Purpose of the flight and payload description

The objective of the flight was to measure the optical scattering properties of the atmosphere as a function of altitude, as well to acquire time-lapse photographs of aerosol layers using a polar nephelometer developed by the Air Force Cambridge Research Laboratories.

The primary experimental payload consisted of a xenon light source and five photometers mounted on a 3 meter-diameter octagonal gondola so as to measure the light scattering at 22°, 45°, 90°, 135°, and 157° from a defined volume of atmosphere.

Each photometer detected the scattered light at four selected visible wavelengths (4750 A, 5150 A, 6600 A, and 7450 A) sequentially via an indexing filter wheel. In addition, the polarization of the light was sensed at the 4750 A and the 7450 A wavelengths. The data output from each photometer was tape-recorded in flight.

Details of the balloon flight

Balloon launched on: 11/3/1970 at 11:55 mst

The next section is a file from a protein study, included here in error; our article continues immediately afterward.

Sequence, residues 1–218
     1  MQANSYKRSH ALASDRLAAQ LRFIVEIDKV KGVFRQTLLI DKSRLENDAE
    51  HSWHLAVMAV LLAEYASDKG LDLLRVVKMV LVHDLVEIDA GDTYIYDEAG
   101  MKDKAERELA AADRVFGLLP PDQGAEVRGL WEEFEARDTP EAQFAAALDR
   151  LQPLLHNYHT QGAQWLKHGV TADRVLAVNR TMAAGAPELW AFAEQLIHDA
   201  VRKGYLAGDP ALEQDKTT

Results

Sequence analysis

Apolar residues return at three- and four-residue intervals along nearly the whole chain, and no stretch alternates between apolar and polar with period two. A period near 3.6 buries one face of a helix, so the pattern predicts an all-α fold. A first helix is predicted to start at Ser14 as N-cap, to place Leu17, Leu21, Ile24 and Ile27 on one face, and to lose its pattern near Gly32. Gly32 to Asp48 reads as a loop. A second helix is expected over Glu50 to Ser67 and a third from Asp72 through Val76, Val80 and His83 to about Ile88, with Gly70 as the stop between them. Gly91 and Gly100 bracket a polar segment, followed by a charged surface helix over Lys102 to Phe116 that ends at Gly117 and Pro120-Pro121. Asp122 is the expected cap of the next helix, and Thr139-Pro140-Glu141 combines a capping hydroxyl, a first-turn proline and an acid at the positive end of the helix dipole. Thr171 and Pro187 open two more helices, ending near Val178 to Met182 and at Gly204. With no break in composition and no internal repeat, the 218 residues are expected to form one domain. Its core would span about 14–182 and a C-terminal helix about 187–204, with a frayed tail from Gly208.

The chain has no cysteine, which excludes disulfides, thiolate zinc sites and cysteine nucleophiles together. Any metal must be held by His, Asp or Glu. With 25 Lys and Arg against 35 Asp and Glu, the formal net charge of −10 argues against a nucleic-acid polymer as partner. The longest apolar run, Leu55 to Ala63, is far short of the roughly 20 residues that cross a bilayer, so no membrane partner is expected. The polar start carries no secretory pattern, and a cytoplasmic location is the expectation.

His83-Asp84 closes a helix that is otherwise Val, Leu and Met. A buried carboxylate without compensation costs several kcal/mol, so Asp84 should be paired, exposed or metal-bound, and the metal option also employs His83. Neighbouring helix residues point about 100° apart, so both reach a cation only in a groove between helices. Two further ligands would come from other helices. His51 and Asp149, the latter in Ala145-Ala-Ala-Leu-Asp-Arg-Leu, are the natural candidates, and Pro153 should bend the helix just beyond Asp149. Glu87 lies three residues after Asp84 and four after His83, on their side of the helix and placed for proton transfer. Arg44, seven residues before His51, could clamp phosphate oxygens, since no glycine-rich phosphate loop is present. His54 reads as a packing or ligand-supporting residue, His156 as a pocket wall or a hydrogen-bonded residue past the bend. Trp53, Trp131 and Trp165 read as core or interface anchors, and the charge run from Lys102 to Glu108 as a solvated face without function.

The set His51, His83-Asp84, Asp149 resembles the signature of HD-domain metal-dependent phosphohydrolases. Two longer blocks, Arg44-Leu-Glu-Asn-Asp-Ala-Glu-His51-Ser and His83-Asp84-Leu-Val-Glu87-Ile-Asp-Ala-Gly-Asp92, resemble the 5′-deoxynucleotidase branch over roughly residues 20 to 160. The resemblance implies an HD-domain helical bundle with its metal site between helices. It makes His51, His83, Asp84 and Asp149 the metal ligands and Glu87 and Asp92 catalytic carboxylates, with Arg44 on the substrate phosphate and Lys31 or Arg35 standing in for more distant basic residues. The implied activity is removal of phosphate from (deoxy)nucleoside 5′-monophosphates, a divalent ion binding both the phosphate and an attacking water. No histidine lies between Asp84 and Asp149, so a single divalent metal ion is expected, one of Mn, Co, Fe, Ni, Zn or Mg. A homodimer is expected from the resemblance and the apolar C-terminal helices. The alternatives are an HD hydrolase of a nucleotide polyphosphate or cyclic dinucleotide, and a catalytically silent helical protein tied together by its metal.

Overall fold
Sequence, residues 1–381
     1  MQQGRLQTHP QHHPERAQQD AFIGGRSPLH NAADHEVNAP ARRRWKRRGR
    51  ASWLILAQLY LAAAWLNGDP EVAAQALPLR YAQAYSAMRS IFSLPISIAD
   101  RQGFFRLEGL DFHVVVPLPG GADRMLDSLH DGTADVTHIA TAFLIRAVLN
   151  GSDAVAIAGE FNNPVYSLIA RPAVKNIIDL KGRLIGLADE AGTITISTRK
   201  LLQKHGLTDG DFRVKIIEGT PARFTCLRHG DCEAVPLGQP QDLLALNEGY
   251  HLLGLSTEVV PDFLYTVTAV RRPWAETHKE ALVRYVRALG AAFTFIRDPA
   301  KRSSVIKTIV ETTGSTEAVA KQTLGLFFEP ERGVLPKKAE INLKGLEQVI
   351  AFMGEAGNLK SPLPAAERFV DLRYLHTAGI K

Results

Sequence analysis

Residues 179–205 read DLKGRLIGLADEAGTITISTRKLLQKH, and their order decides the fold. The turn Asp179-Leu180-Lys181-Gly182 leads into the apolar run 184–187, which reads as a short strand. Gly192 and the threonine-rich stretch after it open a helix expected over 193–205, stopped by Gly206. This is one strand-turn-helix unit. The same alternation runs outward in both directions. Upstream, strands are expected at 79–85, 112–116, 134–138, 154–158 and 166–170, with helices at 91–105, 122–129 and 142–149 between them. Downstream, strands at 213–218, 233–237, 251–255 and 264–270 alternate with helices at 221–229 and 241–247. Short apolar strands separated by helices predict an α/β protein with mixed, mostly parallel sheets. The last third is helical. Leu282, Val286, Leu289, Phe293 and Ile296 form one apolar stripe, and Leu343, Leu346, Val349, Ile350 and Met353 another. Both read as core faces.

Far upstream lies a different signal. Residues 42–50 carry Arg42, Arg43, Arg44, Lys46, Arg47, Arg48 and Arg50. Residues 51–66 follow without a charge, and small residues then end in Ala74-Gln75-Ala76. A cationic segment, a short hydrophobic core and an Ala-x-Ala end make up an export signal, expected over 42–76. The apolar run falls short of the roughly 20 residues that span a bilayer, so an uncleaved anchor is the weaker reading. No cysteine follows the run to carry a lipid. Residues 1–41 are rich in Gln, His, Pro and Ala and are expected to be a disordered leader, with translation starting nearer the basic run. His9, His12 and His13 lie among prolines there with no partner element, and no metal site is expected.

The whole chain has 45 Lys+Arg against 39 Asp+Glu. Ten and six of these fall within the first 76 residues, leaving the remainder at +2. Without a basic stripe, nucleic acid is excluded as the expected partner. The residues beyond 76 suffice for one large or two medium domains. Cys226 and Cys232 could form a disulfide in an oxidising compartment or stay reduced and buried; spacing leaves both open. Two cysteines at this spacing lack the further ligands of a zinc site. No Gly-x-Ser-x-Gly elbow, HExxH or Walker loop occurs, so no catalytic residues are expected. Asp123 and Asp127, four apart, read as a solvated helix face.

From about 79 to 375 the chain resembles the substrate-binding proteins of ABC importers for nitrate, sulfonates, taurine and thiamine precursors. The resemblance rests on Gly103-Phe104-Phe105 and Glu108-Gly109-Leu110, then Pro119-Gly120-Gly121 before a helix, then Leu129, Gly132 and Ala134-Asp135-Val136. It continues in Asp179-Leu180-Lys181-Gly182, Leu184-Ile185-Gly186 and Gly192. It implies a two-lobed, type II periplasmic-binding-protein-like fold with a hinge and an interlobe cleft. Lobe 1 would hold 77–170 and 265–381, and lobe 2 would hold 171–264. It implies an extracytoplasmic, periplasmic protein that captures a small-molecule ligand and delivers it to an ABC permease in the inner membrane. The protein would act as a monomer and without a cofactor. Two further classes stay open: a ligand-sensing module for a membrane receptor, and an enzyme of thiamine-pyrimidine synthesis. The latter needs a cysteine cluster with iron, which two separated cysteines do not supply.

Launch site: White Sands Missile Range, New Mexico, US lanzado desde el Stallion Range Center
Balloon launched by: Air Force Cambridge Research Laboratories (AFCRL)
Balloon manufacturer/size/composition: Zero Pressure Balloon 2.000.000 cuft
Flight identification number: H70-73
End of flight (L for landing time, W for last contact, otherwise termination time): 11/3/1970
Balloon flight duration (F: time at float only, otherwise total flight time in d:days / h:hours or m:minutes - ): 4 h 22 m
Landing site: Near the New Mexico-Texas border, US

The flight provided new information on the angular volume scattering function of the atmosphere, from ground to better than 26 km. In addition, polarization and forward-to-backscatter ratios provided corroborative evidence of aerosol scattering in both the troposphere and stratosphere. At least four distinct dust layers in the stratosphere between 17 and 26 km were identified with average thickness of approximately 0.3 km. The results showed that the polarization is indeed a sensitive indicator of aerosol scattering and varies inversely with the turbidity. This parameter in conjunction with the absolute measurements of the volume scattering function provides the nephelometer with a self-consistent capability.

External references

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